Dairy Barn Chair

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I discovered this chair in an abandoned dairy barn in Tomales, California, among artifacts from a formerly productive cattle ranch just down the coast in West Marin County. It is a good example of “maintenance equals improvement” in that the original rush-woven seat has been replaced by a woven leather seat improvised by the deceased rancher, consisting of a single strand of raw hide, diagonally laced across the seating frame. The seat itself has remained strong and tight, and amazingly shows no sign of decay, despite it’s obvious age and neglect after so many years living in the barn. Also, it is very comfortable.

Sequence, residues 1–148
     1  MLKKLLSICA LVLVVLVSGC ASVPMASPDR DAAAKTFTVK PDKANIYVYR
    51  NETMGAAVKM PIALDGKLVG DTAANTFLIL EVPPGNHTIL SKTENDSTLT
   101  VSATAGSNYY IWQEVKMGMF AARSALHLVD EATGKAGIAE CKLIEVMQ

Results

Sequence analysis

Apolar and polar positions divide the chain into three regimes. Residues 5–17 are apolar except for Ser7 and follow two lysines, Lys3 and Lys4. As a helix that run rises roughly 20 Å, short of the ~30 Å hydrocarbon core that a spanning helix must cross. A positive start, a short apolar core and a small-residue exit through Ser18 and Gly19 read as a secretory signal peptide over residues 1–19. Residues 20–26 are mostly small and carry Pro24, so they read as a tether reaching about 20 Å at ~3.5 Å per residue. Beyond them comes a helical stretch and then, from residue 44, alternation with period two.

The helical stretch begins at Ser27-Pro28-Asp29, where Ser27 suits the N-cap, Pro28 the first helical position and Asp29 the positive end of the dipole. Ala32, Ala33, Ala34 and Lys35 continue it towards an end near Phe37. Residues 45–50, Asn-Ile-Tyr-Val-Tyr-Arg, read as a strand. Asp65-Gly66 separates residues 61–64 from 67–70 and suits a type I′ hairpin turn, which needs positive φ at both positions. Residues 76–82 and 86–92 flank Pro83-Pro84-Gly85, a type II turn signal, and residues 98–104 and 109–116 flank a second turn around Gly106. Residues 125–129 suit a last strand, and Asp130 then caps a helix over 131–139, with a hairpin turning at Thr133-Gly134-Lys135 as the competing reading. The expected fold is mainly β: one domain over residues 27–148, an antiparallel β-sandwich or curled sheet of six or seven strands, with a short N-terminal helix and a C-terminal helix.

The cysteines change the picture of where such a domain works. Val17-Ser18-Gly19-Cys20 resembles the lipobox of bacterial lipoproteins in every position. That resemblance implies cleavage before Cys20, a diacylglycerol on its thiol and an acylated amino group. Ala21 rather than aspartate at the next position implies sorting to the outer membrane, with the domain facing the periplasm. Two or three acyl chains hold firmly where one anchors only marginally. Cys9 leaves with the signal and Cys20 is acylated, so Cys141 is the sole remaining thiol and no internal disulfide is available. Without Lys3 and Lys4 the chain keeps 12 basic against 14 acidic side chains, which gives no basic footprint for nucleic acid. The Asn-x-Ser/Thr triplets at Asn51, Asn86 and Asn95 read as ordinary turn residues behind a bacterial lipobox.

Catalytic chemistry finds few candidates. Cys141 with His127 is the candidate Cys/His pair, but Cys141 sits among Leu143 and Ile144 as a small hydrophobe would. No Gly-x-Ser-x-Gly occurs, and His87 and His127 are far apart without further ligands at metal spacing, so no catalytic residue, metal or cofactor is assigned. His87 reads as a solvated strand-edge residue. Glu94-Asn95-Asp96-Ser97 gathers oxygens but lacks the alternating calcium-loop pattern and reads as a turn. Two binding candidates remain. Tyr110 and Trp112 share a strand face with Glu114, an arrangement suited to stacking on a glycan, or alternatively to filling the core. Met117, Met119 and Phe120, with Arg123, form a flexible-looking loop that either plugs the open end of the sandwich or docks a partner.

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I would like to adapt the pattern to another material if possible, and have been experimenting with kelp foraged from beaches nearby. I harvested a load of kelp a month ago, and hung the long strands to dry in the sun. I was impressed how the kelp kept its shape on contours, and how it remained stiff yet flexible.

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More to come…

One reply on “Dairy Barn Chair”

  1. My parents had 3 or 4 of these identical chairs in San Rafael where I grew up, same pale yellow paint also. Rawhide was a reagional historical answer to the rush seat, very common across the West.
    I remember tracing the patterns of these rawhide chairs, and also in the oak caned kitchen chairs they had. The interest held to a sometime carreer as a seat weaver- highly satisfying and meditative work, pittiful pay and hard on the hands.
    Thank you for reviving the memories with your photos, of a little girl lying under a chair tracing patterns in the sunlight with her fingers.
    Clear skies!
    C. Widger
    Novato CA

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